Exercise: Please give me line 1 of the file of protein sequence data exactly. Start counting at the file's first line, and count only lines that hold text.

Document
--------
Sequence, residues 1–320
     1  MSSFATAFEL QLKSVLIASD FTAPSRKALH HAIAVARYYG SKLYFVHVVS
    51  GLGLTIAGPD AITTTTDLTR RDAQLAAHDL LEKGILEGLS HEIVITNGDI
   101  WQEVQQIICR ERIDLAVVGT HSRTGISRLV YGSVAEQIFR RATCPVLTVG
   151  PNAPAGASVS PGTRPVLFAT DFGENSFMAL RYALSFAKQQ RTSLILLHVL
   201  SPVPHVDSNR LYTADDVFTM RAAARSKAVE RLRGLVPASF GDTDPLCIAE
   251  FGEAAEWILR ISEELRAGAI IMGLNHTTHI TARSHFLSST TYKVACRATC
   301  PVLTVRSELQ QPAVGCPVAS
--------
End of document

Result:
Sequence, residues 1–320